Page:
App Design Challenge
June – August 2017
Human-Centred Design, Persona, Experience Map, Task Flow, Sketching, User Testing, Wireframing, UI Library, Video Editing, iMovie, Sketch, InVision
SuiteSeat was the primary design project I worked on while at BrainStation. We were tasked with using the human-centred design process to create a digital solution for our chosen problem. I decided to use this opportunity to solve a problem in an area I’m passionate about – sports. More specifically, I narrowed my focus on ways to improve the fan experience at baseball games.
The goal of SuiteSeat was to enhance the gameday experience for all fans from the comfort of their seat with features such as in-seat ordering, real-time replays, player statistics and more. Below outlines my journey through the entire design process.
An InVision prototype of SuiteSeat can be found here – invis.io/MNRKMU4V5SX
My research began by analyzing the sports industry in 2017 to see how baseball compared to other sports. Assuming the technology was feasible, I decided to look at the number of fans/season and the percentage of action as the key metrics to determine the desirability and viability of this app.
The results showed baseball to be the overwhelming favourite due to the stadium sizes, the number of games and the amount of idle time per game. From this, I could infer that baseball would give the app the greatest chance to reach/benefit the largest number of fans.
After determining baseball was the best sport to target, I began speaking with users to learn more about their needs and hopefully identify some of the problems they face. My findings below came from the results of a 45-person survey I conducted. The respondents were males and females between 20-40 years of age and varied in how many games they went to each year.
Through my personal experiences and research, I was able to identify three main problems while attending baseball games:
1) The Cost
It’s no secret that attending games is becoming increasingly expensive. On average, fans will spend $60 CAD per game on their ticket, concessions and parking.
Baseball is notorious for being a slow-paced game. In fact, 90% of the time of an average game is “idle time,” meaning there is no action. This results in many fans losing interest and becoming unengaged.
3) Long Lines
Regardless of where you are sitting, there always seems to be a line at the concession stands. A study from Oracle Hospitalities found the average fan in North America spends 18 minutes in concession stand lines per game.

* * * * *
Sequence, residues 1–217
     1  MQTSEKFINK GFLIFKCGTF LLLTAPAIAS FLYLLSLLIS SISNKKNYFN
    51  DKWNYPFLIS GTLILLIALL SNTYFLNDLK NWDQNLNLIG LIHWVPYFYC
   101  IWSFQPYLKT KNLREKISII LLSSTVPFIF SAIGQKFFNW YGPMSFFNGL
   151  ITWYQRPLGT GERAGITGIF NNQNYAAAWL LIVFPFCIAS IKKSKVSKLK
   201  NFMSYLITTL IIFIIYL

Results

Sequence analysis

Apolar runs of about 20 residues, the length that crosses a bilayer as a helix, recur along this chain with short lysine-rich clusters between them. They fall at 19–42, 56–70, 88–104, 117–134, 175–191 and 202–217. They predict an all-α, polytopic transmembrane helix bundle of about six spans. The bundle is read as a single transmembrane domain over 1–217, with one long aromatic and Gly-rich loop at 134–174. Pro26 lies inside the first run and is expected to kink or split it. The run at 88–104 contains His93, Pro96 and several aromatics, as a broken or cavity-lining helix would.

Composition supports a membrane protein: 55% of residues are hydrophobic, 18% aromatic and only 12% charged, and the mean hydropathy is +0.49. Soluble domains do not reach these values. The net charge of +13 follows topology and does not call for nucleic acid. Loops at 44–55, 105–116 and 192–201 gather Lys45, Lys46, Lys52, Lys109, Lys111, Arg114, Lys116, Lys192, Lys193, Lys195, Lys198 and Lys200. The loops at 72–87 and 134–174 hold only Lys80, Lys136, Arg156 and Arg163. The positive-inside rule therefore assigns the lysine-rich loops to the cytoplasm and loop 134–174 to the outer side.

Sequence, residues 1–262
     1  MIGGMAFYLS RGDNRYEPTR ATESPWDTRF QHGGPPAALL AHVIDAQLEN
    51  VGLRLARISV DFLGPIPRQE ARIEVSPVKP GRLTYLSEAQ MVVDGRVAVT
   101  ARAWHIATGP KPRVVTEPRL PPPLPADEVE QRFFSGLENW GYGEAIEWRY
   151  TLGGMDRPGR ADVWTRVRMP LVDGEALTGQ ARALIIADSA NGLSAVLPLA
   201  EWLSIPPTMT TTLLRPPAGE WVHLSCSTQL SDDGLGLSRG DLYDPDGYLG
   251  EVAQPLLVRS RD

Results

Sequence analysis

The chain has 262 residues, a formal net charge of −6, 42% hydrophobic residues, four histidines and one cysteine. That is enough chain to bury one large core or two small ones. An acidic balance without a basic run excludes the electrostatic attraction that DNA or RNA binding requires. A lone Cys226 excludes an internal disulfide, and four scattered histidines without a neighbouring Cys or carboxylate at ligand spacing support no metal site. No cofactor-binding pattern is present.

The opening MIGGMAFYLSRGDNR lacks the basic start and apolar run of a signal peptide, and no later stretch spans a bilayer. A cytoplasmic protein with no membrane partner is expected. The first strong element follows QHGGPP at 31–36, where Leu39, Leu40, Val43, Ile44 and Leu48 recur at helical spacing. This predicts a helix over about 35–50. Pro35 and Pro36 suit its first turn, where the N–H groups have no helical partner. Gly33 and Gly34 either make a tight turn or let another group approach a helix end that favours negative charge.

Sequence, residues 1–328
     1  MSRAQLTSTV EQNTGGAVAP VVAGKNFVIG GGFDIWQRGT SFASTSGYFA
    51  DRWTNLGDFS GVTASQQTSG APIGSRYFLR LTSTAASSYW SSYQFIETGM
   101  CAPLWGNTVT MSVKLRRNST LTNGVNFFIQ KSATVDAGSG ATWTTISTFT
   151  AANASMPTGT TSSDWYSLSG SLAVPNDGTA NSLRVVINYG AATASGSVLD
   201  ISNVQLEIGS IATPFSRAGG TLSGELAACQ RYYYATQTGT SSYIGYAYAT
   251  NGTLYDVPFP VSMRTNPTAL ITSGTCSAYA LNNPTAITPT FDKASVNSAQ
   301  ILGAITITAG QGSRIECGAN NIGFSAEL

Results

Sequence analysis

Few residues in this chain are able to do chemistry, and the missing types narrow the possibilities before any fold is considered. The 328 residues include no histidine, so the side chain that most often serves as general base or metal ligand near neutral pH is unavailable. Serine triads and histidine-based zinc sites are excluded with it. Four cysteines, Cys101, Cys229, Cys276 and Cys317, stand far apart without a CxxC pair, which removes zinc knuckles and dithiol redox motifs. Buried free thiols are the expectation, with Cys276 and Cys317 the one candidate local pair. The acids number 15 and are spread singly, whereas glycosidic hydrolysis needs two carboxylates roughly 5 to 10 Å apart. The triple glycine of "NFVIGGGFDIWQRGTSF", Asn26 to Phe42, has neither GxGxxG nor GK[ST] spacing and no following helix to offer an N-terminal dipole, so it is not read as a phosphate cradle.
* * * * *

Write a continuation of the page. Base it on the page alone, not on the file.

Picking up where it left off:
How Might We…
use technology to enhance the fan experience at baseball games?
Once the design challenge was established, I developed one main user persona to focus on. Chris Johnson is an avid sports fan in his mid 20’s. He currently attends between 5-10 games a year with a desire to go to more. His major pain points at games include the high prices, long concession stand lines and lack of in-depth stats on players.
Next, I wanted to map out the typical fan’s journey when attending a game. By doing so, I was able to pinpoint the exact moments during the gameday experience that caused headaches and used those as potential areas to improve. By identifying these problems, I was able to better understand the wants and needs of fans and used that knowledge towards creating an effective solution.
INITIAL TASK FLOW
Out of the many problems I wanted to solve with this app, I decided the core interaction was going to be ordering concessions to your seat. Below is the basic flow that a fan would go through when completing this task. The steps taken were based on my research findings and looking at comparable food ordering apps for inspiration.
The next step was to begin sketching very low-fidelity wireframes based on the task flow and other features I was looking to include. This gave me the opportunity to visualize a number of concepts I was thinking about in a short period of time. Below are some of the early sketches for a few key features within my prototype.
Once I was satisfied with the basic concepts, I began creating low-fidelity wireframes with Sketch to test out the functionality of the design. Below I outlined 5 key interactions within the prototype. From left to right, they are the sign-in page, main screen, fan zone, food options and order summary page.
After numerous rounds of user testing, I began creating high-fidelity wireframes. Over 10 iterations were made to the 5 key interactions until I arrived at the current designs shown below. Multiple improvements were made to the functionality based on the feedback I received, with the biggest change coming to the food/drink ordering feature. The initial design was found to be confusing and time-consuming, so I made the improvement of a simple “add” or “subtract” system to adjust your cart items.
Below are some additional high-fidelity wireframes within the prototype as well.
No design project is complete without a UI library. Throughout the project, I tried to be conscious of keeping the look and feel consistent, and the UI library really helped out with that. Here is a look at the colour palette, typography, icons and logo I used for the prototype.
In order to grab the attention of potential customers and build hype around the product, I created a short promotional video. The video below was made on iMovie with the goal of showcasing a few of the prominent features within SuiteSeat. I focused on using short clips that were timed up with the song to ensure it looked clean and professional.
If you’re wondering what I ended up doing with this project afterwards, check out my project SeatSuite (an in-seating ordering web app) to learn more!
Also if you missed it above, you can check out the SuiteSeat InVision Prototype here.